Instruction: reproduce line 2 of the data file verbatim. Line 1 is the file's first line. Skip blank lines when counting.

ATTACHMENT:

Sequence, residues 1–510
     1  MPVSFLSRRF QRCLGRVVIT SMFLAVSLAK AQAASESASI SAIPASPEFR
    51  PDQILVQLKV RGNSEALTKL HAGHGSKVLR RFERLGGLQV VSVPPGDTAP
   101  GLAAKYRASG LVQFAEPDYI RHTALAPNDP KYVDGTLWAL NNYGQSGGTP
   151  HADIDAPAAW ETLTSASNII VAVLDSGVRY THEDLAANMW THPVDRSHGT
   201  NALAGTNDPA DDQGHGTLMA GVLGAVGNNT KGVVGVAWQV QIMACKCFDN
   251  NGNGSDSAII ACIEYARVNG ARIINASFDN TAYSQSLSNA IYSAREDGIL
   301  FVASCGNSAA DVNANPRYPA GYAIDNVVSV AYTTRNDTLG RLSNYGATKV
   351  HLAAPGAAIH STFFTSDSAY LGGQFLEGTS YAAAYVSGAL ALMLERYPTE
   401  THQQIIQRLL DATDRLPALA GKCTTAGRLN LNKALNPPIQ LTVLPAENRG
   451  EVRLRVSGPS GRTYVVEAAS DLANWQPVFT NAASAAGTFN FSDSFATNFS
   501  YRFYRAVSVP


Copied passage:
     1  MPVSFLSRRF QRCLGRVVIT SMFLAVSLAK AQAASESASI SAIPASPEFR